"Most of what you're looking at is not people going to Brazil with the money. They're trying to figure out how to get the job done in a complicated system," said former city administrator John A. Koskinen. "The issue four or five years ago was you couldn't get the work done. The grass wasn't cut. The pools weren't open. The suppliers in mental health weren't getting paid. Now, the work's getting done, but the question is: How are we paying for it? Is it being monitored? Can you audit it?"
Some agency heads find ways around cumbersome contracting and hiring rules. Chief Technology Officer Suzanne J. Peck is "an interesting case," Williams said.
Peck, an energetic leader who spent most of her career in the private sector, has brought a government populated by rotary phones into the information age. Her office has rebuilt the city's phone system and is working on a massive computer system to coordinate spending, procurement, personnel and payroll. She also created the city's user-friendly Web sites, which have won national acclaim.
Peck accomplished all this, she told The Post, in part by ordering her contracting officer to stay within the law, but "exploit the hell out of the gray area."
Williams called those comments "at best, inartful, if sincere."
Nonetheless, "she's done a tremendous job," the mayor said. "She's a great example of someone who's trying to get the job done and, overall, is clearly adding value to the taxpayers of the District of Columbia."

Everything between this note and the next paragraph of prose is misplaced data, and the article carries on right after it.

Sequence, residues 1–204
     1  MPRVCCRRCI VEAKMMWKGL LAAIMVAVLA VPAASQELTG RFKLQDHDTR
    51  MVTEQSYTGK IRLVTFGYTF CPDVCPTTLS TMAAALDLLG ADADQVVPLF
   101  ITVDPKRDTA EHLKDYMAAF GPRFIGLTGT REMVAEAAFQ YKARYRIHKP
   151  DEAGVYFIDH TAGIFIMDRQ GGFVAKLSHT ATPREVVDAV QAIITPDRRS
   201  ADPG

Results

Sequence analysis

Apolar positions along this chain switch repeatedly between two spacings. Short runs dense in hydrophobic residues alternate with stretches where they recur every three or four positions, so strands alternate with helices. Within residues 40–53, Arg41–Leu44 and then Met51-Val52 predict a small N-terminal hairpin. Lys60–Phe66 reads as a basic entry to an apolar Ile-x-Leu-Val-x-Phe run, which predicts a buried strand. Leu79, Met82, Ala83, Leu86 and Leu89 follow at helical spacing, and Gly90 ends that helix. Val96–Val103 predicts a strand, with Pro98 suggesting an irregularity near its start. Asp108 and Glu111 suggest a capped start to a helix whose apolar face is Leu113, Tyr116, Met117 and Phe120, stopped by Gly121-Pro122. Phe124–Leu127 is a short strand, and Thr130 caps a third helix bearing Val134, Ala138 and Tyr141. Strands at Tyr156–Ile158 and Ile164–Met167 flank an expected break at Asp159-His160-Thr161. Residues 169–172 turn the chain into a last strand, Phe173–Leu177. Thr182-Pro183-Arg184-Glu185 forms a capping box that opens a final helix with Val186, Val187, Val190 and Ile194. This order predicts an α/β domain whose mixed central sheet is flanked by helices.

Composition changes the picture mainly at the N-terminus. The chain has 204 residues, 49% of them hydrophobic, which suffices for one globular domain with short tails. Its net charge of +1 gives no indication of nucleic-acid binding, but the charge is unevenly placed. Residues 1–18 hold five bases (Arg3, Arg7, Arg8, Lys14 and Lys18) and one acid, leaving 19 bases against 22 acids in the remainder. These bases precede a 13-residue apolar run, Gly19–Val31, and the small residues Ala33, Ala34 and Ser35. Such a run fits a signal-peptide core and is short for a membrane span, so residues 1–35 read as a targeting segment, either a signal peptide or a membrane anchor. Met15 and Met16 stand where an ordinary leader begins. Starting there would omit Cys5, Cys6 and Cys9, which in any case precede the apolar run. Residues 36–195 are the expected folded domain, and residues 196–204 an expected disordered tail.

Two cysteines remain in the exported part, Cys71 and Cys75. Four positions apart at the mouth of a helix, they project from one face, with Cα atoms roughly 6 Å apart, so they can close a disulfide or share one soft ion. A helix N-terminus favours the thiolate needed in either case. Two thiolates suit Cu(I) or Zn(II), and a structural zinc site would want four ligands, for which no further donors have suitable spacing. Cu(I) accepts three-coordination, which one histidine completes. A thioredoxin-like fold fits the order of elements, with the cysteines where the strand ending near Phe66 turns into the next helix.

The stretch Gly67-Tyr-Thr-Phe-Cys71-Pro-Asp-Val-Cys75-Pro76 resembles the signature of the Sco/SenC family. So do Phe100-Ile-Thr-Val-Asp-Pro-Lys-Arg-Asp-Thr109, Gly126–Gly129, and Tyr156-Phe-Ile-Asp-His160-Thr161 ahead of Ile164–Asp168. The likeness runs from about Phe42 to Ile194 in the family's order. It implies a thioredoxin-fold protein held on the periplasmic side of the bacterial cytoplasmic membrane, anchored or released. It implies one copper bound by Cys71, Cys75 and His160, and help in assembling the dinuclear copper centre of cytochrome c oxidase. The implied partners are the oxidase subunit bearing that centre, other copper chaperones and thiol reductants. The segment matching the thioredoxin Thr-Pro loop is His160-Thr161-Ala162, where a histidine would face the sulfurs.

Other city workers have more clearly violated the law or demonstrated professional incompetence. But several former administration officials said Williams has been reluctant to prune such people. That reluctance, they said, stems from Williams's 1997 decision as chief financial officer to fire 165 city finance workers he had identified as unworthy. The firings helped Williams gain control of a dysfunctional finance office, but it drew howls of outrage from public employee unions, which endorsed one of his opponents during the 1998 mayoral campaign.
After Williams took office in 1999, those firings and others from the predominantly African American workforce prompted D.C. native Anthony Jenkins to write an opinion piece published in The Post under the headline, "Black Enough: Some People Wonder Whether D.C.'s New Mayor Really Is."
"Who was this man who was using a very blunt instrument to decimate the ranks of District employees? Should people of color be concerned that someone from within their ranks was wielding the ax?" Jenkins wrote.
Two close advisers to Williams at the time said he seemed to grow gun-shy and feared that additional firings would only fuel the perception that, as Williams put it then, "I'm basically going to fire a lot of people . . . and rehire a bunch of white folks."
Last week, Williams rejected that analysis. But he acknowledged that he developed a "more methodical, deliberative approach to change" after his election.
"A lot of my friends said . . . that you should have come in there and done more shooting, and I actually tried that a lot during the first year and it just created a lot of chaos," Williams said. "I think when I was CFO, the way we did those terminations could have been done better. . . . I would never do that again."
Still, Williams said, it is fair to ask whether his administration has truly brought "a new level of accountability" to the city, as promised.
"There should be sanctions across the spectrum where people have done wrong and they've misused government resources intentionally," Williams said. "I don't want to mention any names, but I think there should be. And maybe we'll look to see that there are."